Let us know how things are going.

I think that if you are to be denied of those transpo services, you have been discriminated against. FIGHT FOR THOSE RIDES/SERVICES.

chat with you later,
angie
 
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Norton47 replied to saxofone1's response:
It's good to hear from you, I needed some excitement this 4th of July. Theres little excitement being stuck at home due to no public transporation, including fixed route service. Hope you live in a better area with more accomodations.
 
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pennsygardener responded:
Its just ironic that I'm posting this a day after the 4th of July. When you are no longer able to drive, you feel helpless and no longer independent. It helps when I am able to ride the public transit, or walk. I've occasionally taken a cab.
Maxine
 
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galivantstom responded:
If you live in metropolitan Detroit, you have the worst public transit system in the nation, and you have my sympathy.I expect Worcester is better. I have epilepsy and live in the Detroit area so I know from whence I speak. Not driving is a big pain but, it is is a relatively small price to pay when you look at it from the perspective of 1.) the financial exposure you incur by driving contrary to state laws and/regulations. In fact, this could even invalidate your auto insurance making you personally liable and 2.) the very physical threat you are to others and yourself. When your seizures are controlled and you can driveonce again, you'll recognize driving for the privilege it is. During the 35 years I've had epilepsy I found out who my real friends were. I had friends at work who immediately offered to share their transportation to and from work, friends from a civic commission who made sure I got home after the meeting ended as did friends from my local Rotary Club. My wife, mother and sons also helped make my life better. To do this, the very first thing I accomplished was to NOT hide my epilepsy. It is only then friends and family know to step up and help. You'd be amazed to find how many do, even some co workers you don't even care for. Remember, friends and family, your true support system under conditions are what makes the world go round. Just give them a chance.
If you envy the support given to wounded veterans, it exists because others recognize the need. Keeping your "hidden" handicap a secret is effectively denying yourself from the very support you desire. As for your job and possible employer discrimination, epilepsy is a disability under the ADA and as such, there is nothing they can do because of that unless you drive for them and they have to make every effort to accommodate your handicap.
 
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galivantstom replied to dancer86442's response:
Dancer just keep in mind that there are some protections in the ADA. All too many people with epilepsy don't realize that epilepsy is a handicap under ADA. Job issues can be addressed at the federal level and in many states as well. As for EMT training to recognize deal with seizure victims is much better than it was 35 years ago when I had my first seizure. Locally, it is necessary that individuals and epilepsy educate the general public. Epilepsy is similar to diabetes in many ways. Diabetic groups and individuals with it have done a great job educating the public and eliminating the misconceptions about. We need to do the same.
 
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saxofone1 replied to Norton47's response:
Hi Norton47

I have been in mpls the past two weeks. The transpo service out here is still great. I feel comfortable using it since I lived in this area for 14 years. I've been here and there. I had the chance to visit with my former doctors at an epilepsy clinic. I also visited the hospital where I had my lobectomy done in '02. Many of the nurses remembered me. I'm hard to forget. Outspoken, helpful, supportive and rather cute.

Las Vegas has good transpo service for the individuals who can't drive. There are many bus lines and there is also a paratransit service that provides door-to-door service.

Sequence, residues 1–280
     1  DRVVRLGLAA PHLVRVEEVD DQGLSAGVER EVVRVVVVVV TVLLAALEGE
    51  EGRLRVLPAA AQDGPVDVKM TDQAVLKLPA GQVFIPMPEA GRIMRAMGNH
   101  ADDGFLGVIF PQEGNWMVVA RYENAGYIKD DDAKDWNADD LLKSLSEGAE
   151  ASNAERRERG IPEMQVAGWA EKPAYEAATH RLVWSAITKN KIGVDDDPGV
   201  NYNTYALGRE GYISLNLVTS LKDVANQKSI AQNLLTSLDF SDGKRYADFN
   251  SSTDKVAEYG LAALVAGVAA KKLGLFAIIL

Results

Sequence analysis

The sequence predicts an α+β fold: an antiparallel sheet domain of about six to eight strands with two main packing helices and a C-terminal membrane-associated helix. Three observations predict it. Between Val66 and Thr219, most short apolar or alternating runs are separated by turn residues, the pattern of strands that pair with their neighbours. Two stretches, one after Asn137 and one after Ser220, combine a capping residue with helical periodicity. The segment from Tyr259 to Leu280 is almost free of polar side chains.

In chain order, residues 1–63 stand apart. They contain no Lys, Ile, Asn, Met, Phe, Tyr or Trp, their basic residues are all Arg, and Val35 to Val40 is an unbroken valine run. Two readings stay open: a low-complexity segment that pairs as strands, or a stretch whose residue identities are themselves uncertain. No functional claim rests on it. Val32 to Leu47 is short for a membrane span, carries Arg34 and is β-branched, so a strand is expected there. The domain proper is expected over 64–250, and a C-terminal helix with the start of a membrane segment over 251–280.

I understand how you feel about being stuck at home. I broke my ankle on some ice in '05 and was stuck with nothing to do and having a short range of travel. BORING!!!

Is there a school, library, VA hospital near you? Activity(away from home) might bring you some peace of mind.

Take a walk to a local coffee house and become a regular. You'll be surprised as to where your support comes from.

Keep moving forward.
angie
 
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dancer86442 replied to galivantstom's response:
Hi galivant,

Welcome to Epland & Thank You for your responses to soo many posts, last nite.

I am well aware of the ADA & that Epilepsy falls under it's protection. I wish I had taken advantage of the ADA 35 yrs ago, when my T/C's reappeared. I didn't consider myself disabled, even though I knew I was. I just made up my mind that I didn't Need disability. That the Poor & Viet Nam Vets deserved it more than I did. I had Family & Friend Support. That was enough for me. As they say, Hindsight is better than foresight. And now, I can't get disability. I re-married when I was 38 & Hubby, now, has to many Cars (assets) for me to be eligible. I've tried to get him to remedy this. (Place a non-op vehicle in my son's name & sell his Bike (which he Wants to do) & I can apply again. ) I think! I just read SSI considers any material possessions over $2000 as Assets. But, 1 Vehicle Home was allowed.

You are rite about educating Others. We must All be More Outspoken about our Epilepsy. Like you, I have Never tried to Hide my Epilepsy. Anyone who will listen, gets an earful. It mite drive PPL Crazy, but, it Keeps me Sane.

Again, Thank You for your Input. I do hope you will chek in again & share More w/ me & others who need advice/Input & Support. HUGS!

Love Candi
 
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Norton47 replied to saxofone1's response:
Hi, I like your idea about a walk to the local coffee shop, especially since I consume so much to keep going. As for other activities I serve on the Worcester Commission on Disabilities, Housing and Urban Development, City Managers Advisory Cabinet, and finally the Transoportation Advisory Board. It may not seem it, but all of these groups and work that I do, center around the elderly and disabled. Trying to ensure that they have proper housing, public transportation, easy access to medical and shopping facilities, and even my work on emergency preparedness and homeless individuals. Many of whom have physical an mental disabilities. There is no salary for this work, but advocating for those in need is payment enough. I have never tryed to conceal my condition, and my seizures made sure of that. Theres nothing like a hands on experience for those in need of educatiion. Thanks once again for all of your assistance and concern.